In chapter 2 of The Radiance of Being, called A Science of the Real, Caldecott makes the point that --

Well, first of all, consider those two words, "science" and "real." In our post-Kantian world, science cannot be "of the real," since there is an unbridgeable gulf between what is -- whatever that is -- and what we may know about it. The world is bifurcated into two domains, with science essentially reduced to what we can say about what our neurology says about a rumored "world" out there. To paraphrase Whitehead, the world is reduced to a dream at one end and conjecture at the other.

Yes, it sounds more than a little psychotic, but people will go to any length to avoid certain avenues of thought that lead to certain unwanted conclusions -- in this case, that no science of the real can exclude the Creator, or reality as such.

Anyway, Caldecott says that "In order for anything like modern science" -- I would just say "science" -- "to arise, it was necessary to believe in both the intelligibility of the cosmos and its contingency -- both the fact that it made sense, and the fact that it might not have existed."

So we see that science involves an element of absoluteness, which derives from the necessity of truth; but also of contingency, which derives from the infinite plenitude of the Creator. Thus, the world IS; but this IS cannot be self-sufficient, else it wouldn't be contingent (i.e., the world would be God).

Therefore, we see that the Isness of the world must be a kind of borrowed being, i.e., dependency on a higher principle.

Caldecott goes on to say that "Intelligibility alone would lead to the priority of deduction over induction, as in the ancient philosophies of nature where an observed reality... had to be conformed to a priori structures..."

This is why I do not call such an approach "science" per se, because it actually renders science impossible. Modern science is really something quite new, not traceable to ancient Greece.

In fact, I recall Rodney Stark making just this point in his For the Glory of God: How Monotheism Led to Reformations, Science, Witch-Hunts, and the End of Slavery. You hafta sorta not know what science is in order to believe the Greeks had it.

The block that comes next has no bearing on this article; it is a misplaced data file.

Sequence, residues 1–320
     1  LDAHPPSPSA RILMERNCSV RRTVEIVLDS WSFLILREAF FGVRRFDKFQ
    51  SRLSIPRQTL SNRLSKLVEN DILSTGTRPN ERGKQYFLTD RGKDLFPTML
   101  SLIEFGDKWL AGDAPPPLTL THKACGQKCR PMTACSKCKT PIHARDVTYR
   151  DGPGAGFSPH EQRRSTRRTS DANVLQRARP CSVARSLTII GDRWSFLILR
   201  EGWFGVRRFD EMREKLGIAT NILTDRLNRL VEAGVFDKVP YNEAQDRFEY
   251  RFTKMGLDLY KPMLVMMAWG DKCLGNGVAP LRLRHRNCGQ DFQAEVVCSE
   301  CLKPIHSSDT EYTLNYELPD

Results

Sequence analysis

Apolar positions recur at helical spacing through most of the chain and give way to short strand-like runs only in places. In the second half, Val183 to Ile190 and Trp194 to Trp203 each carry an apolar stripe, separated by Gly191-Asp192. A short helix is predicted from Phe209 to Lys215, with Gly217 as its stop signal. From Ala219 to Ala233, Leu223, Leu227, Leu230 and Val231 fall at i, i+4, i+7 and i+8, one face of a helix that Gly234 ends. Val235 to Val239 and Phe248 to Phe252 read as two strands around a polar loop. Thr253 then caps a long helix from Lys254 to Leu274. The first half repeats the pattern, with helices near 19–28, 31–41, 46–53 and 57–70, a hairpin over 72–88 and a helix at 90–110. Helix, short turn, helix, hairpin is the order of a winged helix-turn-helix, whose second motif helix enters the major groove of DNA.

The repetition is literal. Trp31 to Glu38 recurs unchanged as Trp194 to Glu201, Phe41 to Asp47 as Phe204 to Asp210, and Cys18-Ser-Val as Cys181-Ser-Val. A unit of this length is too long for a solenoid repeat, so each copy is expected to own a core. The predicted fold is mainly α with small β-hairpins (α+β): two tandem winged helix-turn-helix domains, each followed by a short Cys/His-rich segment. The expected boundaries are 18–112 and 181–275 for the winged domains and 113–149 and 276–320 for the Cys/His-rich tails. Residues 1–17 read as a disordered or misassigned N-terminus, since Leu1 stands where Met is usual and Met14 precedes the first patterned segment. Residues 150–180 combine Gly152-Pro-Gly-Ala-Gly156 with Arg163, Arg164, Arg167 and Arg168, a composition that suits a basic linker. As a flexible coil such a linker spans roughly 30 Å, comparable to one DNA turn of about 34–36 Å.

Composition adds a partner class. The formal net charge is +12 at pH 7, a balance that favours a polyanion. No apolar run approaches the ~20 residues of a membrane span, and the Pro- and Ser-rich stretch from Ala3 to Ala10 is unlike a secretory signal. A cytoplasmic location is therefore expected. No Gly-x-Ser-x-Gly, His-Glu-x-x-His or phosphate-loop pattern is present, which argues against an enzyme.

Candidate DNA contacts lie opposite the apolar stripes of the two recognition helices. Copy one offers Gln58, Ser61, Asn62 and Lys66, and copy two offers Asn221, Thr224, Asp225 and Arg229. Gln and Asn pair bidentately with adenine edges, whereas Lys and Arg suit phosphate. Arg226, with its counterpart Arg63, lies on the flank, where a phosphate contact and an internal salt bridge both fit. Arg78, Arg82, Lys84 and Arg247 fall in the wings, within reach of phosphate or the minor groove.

Note also that merely learning from the world empirically -- as helpful as that is -- isn't science either. Rather, real science -- or a science of the real -- must involve both: empirical observation of the world (of particulars) dynamically interacting with a more general logico-deductive system. This did not exist until the scientific revolution, which in turn only occurred in one place and at one time: in the Christian west.

Retrograde postmodernism is actually a rebellion -- or reactionary counter-revolution -- against the scientific world. Caldecott writes that "By separating real from rational entities, science from faith and God from nature, the via moderna of the nominalist philosophers from the 14th century onwards undermined natural philosophy and metaphysics."

In other words, the world is reduced to the world, so to speak, which has the perverse effect of elevating appearances to reality. But in the words of Davila, "The universe is important if it is appearance, and insignificant if it is reality." If the world is the reality, then it is nothing.

Here is the key point: "By arguing that nothing can exist but individual objects," the postmodern approach "effectively eliminated the 'vertical' or 'interior' dimension of reality -- the dimension of metaphysical form, final causality, and divine providence..." (Caldecott).

I would emphasize that the vertical IS the interior, and vice versa, so that to exclude one is to make nonsense of the other. Indeed, everything science can say about the world is rendered absurd by its own dim lights.

Truly, it is intellectual, or psychopneumatic, suicide -- except that it then leads to homicide and genocide. This is because the intellectual Zombies of Death convert their flatlandian superstitions into a religion, and persecute those who fail to recognize their strange gods.

Seriously, what is the IRS scandal but the leftist state-god systematically persecuting that half of the population which doesn't worship at that altar? This is why it is easily the worst scandal in the history of this country, because never before has this government -- which derives its just powers from the consent of the governed -- declared war on that half of the country which has the audacity to still believe such insolent nonsense.

Thus, for example, to teach the Constitution makes one an enemy of the state. But this is merely making fully explicit what has been implicit since Woodrow Wilson.

Aaaaaaaand, we're out of time.